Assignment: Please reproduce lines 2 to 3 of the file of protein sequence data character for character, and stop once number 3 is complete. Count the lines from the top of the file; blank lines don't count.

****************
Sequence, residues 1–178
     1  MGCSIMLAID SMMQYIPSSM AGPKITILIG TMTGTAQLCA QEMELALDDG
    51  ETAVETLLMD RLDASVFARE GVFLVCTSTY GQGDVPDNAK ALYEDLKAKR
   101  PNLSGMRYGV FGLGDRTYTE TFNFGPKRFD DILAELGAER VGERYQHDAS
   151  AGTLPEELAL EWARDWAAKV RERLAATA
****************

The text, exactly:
     1  MGCSIMLAID SMMQYIPSSM AGPKITILIG TMTGTAQLCA QEMELALDDG
    51  ETAVETLLMD RLDASVFARE GVFLVCTSTY GQGDVPDNAK ALYEDLKAKR